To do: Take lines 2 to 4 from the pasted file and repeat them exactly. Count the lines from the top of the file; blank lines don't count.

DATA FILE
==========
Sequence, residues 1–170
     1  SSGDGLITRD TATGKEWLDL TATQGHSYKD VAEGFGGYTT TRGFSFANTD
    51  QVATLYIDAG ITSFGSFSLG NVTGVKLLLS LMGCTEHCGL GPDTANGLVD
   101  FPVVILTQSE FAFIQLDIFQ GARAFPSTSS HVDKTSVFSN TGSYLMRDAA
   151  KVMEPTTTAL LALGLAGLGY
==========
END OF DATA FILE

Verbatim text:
     1  SSGDGLITRD TATGKEWLDL TATQGHSYKD VAEGFGGYTT TRGFSFANTD
    51  QVATLYIDAG ITSFGSFSLG NVTGVKLLLS LMGCTEHCGL GPDTANGLVD
   101  FPVVILTQSE FAFIQLDIFQ GARAFPSTSS HVDKTSVFSN TGSYLMRDAA